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The Raspberry Metallic colorway is much more striking in person. Kevin Wing photo.

Having Hageman on hand emphasized the fact that the XSR700 can be taken in any direction in the hands of an ambitious builder.


Since it takes a significant amount of fabrication experience to pull off the types of bikes Hageman creates, Yamaha have also dedicated significant time developing an accessories catalog so even the least experienced builder can still customize his or her bike.

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Yamaha have teamed with Yoshimura to offer a full exhaust system that’s CARB compliant for the XSR700. Kevin Wing photo.

A partnership with Yoshimura has resulted in a Y-Series Full Exhaust System that is CARB compliant. One of the ride leaders from Yamaha had a bike fitted with the pipe and the sound alone is reason enough to upgrade to this exhaust. Better performance and weight reduction over stock sweeten the deal further.

There are genuine fork gaiters, seat upgrades, billet brake and clutch levers, flat seat and solo seat options along with radiator covers and guards. Additionally, riders can choose to toss on a rear rack, windscreen, new side covers as well. Yamaha also will offer adventure saddlebags and saddlebag support bar kits for the XSR700 too.

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This XSR has a flat seat, number plate, fork gaiters and Yosh exhaust installed. Just a few of the accessories Yamaha will offer for the XSR700. Kevin Wing photo.

The bottom line is the XSR700 is a motorcycle that will hold its own on dealership floors. It delivers fun balanced performance on the road in a comfortable and stylish package. It’s icing on the cake to have access to the extensive accessory catalog, allowing riders to immediately begin tweaking their bike in whichever way they choose. A thoughtful motorcycle from every aspect, and one I would be thrilled to have as a daily rider.

Yamaha XSR700 Riding Kit

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The Icon Airmada Scrawl helmet in black has some subtle graphic elements that are eye-catching without being overwhelming. Byron Wilson photo.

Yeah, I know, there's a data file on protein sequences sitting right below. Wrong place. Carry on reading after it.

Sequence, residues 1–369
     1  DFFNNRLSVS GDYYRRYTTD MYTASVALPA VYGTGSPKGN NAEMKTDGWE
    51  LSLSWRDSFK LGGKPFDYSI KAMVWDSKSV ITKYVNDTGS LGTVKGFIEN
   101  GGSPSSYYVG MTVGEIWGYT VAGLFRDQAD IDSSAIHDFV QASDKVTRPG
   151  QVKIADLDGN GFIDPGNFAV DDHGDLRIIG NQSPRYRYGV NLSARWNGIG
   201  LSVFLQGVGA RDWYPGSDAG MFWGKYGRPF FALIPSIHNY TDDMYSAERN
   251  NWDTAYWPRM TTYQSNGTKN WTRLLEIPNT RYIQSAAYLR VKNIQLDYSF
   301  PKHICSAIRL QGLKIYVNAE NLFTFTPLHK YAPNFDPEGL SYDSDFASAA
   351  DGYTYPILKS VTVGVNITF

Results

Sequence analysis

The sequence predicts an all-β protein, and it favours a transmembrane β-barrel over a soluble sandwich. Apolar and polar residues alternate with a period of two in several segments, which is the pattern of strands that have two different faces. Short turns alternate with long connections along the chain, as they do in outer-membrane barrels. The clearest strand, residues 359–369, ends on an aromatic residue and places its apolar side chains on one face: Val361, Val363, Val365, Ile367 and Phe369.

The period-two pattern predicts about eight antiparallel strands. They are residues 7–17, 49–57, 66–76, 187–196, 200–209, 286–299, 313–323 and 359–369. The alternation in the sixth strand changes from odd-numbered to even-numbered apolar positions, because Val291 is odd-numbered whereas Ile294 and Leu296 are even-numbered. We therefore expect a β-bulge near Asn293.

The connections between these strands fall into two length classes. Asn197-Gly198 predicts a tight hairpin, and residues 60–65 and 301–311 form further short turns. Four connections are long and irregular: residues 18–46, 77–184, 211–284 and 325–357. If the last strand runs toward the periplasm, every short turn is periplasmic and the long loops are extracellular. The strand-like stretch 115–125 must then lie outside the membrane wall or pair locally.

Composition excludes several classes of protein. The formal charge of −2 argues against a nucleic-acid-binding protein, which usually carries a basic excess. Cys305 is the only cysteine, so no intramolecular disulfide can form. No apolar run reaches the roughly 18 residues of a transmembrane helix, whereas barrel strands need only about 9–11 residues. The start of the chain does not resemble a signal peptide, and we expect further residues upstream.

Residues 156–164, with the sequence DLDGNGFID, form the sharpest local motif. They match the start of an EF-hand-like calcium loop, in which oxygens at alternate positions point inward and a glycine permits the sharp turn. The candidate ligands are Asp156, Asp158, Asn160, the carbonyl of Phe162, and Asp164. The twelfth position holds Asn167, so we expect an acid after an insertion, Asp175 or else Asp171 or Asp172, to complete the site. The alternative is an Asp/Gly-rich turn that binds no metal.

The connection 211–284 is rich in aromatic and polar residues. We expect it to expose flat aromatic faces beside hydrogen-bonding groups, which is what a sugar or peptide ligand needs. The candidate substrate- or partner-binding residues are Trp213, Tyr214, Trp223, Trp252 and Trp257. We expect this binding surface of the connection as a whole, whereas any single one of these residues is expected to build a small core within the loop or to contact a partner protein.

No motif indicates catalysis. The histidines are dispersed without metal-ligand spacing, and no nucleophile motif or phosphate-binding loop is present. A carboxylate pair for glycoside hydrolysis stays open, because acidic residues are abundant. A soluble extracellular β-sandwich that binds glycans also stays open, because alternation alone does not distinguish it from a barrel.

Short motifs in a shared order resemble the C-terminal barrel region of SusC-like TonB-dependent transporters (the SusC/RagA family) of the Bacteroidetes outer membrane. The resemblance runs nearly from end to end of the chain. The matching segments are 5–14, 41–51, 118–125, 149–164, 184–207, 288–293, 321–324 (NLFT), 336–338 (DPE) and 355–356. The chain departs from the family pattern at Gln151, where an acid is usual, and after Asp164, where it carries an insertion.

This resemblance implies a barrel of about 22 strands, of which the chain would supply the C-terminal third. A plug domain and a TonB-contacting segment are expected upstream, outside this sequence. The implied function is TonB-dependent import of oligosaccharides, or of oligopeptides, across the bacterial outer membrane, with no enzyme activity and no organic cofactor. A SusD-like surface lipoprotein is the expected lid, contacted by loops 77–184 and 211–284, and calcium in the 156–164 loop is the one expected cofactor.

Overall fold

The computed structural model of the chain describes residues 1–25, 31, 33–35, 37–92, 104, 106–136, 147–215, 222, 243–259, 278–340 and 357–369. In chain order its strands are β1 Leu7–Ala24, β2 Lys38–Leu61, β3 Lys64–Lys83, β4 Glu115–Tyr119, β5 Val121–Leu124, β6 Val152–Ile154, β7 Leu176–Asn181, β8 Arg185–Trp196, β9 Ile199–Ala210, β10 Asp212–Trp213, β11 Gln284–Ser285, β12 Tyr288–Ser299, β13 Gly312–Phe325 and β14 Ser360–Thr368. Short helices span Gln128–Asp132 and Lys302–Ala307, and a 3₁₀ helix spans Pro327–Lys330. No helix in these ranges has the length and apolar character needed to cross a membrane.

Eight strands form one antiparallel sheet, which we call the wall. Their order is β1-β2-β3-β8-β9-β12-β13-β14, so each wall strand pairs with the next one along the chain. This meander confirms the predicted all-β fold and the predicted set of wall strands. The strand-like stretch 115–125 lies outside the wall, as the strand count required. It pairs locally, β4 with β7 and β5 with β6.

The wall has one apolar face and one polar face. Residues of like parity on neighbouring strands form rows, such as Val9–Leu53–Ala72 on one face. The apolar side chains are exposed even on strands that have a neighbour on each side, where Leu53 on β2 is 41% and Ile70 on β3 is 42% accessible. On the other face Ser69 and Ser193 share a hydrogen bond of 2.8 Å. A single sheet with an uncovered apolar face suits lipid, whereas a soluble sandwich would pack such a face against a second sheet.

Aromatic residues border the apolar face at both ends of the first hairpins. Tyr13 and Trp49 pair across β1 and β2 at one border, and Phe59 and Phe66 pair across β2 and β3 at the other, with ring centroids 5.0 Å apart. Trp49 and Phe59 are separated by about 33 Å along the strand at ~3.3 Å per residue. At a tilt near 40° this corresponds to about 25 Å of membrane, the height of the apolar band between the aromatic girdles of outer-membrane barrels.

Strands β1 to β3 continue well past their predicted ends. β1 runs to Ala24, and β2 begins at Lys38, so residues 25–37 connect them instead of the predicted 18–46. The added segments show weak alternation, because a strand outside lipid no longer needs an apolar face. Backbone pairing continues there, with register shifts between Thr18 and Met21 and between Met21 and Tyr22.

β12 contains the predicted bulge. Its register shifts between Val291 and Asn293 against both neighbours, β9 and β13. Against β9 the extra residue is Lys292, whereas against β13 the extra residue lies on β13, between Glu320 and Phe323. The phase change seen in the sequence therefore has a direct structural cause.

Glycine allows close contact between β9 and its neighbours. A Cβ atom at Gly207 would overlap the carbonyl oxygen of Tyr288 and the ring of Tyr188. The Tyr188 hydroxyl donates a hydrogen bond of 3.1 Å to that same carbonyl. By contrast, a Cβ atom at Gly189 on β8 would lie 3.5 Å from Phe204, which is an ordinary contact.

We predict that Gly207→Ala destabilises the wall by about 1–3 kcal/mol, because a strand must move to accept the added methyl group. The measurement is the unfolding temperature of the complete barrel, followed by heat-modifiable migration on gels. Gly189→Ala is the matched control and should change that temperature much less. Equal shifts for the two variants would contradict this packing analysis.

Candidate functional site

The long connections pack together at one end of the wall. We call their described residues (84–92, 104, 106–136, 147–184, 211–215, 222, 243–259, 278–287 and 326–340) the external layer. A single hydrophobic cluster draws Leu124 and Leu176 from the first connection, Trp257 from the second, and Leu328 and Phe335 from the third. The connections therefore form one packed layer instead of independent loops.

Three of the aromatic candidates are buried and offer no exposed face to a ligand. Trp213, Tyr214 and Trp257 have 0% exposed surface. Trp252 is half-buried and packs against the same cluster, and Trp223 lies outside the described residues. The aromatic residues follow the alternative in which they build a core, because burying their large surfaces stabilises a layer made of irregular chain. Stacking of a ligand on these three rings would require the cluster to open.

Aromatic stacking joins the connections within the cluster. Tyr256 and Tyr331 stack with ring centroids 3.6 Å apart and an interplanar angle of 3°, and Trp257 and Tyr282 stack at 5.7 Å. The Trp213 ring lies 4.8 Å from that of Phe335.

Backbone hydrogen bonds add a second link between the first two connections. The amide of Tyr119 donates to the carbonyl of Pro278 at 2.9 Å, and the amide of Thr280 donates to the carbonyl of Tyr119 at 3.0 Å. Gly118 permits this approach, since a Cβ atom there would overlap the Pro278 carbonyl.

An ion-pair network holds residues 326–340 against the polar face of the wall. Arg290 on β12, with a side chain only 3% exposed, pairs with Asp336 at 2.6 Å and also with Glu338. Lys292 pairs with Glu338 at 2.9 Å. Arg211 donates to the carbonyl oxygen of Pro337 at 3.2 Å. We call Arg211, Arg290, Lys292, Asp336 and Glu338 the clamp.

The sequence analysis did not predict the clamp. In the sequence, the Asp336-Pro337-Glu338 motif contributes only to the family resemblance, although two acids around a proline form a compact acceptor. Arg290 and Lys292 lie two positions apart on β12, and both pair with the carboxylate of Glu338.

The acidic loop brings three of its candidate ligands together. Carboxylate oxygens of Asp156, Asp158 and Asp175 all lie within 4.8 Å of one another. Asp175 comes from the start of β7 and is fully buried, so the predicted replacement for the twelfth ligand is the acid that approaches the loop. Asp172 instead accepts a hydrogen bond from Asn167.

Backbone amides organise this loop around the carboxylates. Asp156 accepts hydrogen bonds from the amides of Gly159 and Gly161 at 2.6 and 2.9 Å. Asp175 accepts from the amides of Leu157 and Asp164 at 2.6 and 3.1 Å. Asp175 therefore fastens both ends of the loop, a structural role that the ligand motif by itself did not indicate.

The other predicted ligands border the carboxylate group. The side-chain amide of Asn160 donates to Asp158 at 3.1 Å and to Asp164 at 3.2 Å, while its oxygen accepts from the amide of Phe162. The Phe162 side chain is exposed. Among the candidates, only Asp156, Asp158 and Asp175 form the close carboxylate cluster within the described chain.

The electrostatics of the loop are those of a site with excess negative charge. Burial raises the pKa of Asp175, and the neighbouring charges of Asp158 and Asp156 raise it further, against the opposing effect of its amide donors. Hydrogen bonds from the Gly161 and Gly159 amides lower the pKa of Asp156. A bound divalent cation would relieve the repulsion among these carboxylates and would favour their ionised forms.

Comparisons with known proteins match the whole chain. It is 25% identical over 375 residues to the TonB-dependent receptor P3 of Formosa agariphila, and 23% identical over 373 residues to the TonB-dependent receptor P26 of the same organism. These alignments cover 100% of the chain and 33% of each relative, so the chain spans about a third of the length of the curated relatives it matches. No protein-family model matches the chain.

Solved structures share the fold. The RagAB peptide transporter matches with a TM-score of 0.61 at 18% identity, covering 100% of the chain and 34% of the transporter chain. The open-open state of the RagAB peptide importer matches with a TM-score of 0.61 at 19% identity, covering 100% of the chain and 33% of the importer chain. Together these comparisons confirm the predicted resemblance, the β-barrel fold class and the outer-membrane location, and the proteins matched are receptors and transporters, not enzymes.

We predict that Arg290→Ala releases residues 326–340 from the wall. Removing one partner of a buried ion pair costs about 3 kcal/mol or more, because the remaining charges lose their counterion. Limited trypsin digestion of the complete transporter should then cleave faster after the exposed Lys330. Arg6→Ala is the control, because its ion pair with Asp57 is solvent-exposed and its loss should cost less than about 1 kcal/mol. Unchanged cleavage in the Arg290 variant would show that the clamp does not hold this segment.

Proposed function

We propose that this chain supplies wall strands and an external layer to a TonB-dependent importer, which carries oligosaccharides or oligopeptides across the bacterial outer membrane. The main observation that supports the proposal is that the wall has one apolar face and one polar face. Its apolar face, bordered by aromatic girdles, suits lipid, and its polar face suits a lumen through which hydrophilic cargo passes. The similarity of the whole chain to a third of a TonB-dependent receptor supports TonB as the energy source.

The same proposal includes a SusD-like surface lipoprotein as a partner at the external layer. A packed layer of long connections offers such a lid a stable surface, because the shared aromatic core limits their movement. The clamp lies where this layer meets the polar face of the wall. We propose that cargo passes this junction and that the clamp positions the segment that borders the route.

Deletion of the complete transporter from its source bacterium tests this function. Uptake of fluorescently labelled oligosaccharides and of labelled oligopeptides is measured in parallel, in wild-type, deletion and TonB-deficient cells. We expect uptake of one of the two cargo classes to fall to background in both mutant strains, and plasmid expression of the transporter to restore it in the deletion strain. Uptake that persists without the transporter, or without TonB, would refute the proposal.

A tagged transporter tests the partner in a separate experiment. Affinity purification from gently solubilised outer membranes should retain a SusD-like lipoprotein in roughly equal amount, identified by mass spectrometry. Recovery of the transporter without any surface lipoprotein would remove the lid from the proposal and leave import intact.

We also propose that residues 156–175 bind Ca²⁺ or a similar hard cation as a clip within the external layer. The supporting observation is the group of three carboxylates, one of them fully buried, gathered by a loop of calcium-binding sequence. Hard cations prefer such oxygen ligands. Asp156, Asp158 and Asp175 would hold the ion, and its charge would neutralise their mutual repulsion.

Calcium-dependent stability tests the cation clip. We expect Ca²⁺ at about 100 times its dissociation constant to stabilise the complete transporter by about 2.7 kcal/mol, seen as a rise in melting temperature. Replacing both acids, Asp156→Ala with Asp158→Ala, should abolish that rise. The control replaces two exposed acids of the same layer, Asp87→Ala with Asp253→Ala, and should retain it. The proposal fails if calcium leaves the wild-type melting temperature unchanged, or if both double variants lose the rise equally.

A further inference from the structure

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The lightweight Icon 1000 Squalborn Jacket provides waterproofing and impact protection. Byron Wilson photo.
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The Icon 1000 Axys Gloves fit well and are flexible from the start. Byron Wilson photo.
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The Icon 1000 Truant 2 Boots are as comfortable as a pair of sneakers. Byron Wilson photo.

2018 Yamaha XSR700 Highs & Lows

    Broad range performance
    Highly customizable
    Comfortable all day
    Rear ABS kicks in a bit early

2018 Yamaha XSR700 Specifications

Engine: 689cc liquid-cooled DOHC Parallel Twin, eight valves
Bore and Stroke: 80 x 68.6mm
Compression Ratio: 11.5:1
Fuel Delivery: Fuel injection
Transmission: Six-speed
Clutch: Multiplate wet clutch
Final Drive: Chain
Frame: Diamond type, high tensile steel
Front Suspension: KYB 41mm fork, 5.1 inches travel
Rear Suspension: Horizontal-mount monoshock, adjustable preload, 5.1 inches travel
Front Brakes: 282mm discs, four-piston calipers, ABS
Rear Brake: 245mm disc, ABS
Wheels: 10-spoke cast aluminum, 17 inch front and rear
Tires: Pirelli Phantom Sportscomp, 120/70 ZR17, 180/55 ZR17
Curb Weight: 410 pounds
Wheelbase: 55.3 inches
Rake: 25 deg. Trail: 3.5 inches
Seat Height: 32.9 inches
Fuel Capacity: 3.7 gallon
MSRP: $8499
Warranty: One year limited factory warranty